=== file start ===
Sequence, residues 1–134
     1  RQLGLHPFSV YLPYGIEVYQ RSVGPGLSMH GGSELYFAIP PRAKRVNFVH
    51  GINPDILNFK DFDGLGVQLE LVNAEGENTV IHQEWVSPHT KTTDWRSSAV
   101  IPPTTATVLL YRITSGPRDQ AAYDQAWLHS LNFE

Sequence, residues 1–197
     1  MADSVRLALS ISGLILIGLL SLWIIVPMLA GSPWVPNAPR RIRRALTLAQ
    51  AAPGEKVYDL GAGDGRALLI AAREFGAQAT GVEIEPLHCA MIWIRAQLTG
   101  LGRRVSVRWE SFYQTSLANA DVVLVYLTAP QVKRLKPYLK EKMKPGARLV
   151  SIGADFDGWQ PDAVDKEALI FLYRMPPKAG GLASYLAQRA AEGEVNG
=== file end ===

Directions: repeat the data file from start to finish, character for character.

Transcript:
Sequence, residues 1–134
     1  RQLGLHPFSV YLPYGIEVYQ RSVGPGLSMH GGSELYFAIP PRAKRVNFVH
    51  GINPDILNFK DFDGLGVQLE LVNAEGENTV IHQEWVSPHT KTTDWRSSAV
   101  IPPTTATVLL YRITSGPRDQ AAYDQAWLHS LNFE

Sequence, residues 1–197
     1  MADSVRLALS ISGLILIGLL SLWIIVPMLA GSPWVPNAPR RIRRALTLAQ
    51  AAPGEKVYDL GAGDGRALLI AAREFGAQAT GVEIEPLHCA MIWIRAQLTG
   101  LGRRVSVRWE SFYQTSLANA DVVLVYLTAP QVKRLKPYLK EKMKPGARLV
   151  SIGADFDGWQ PDAVDKEALI FLYRMPPKAG GLASYLAQRA AEGEVNG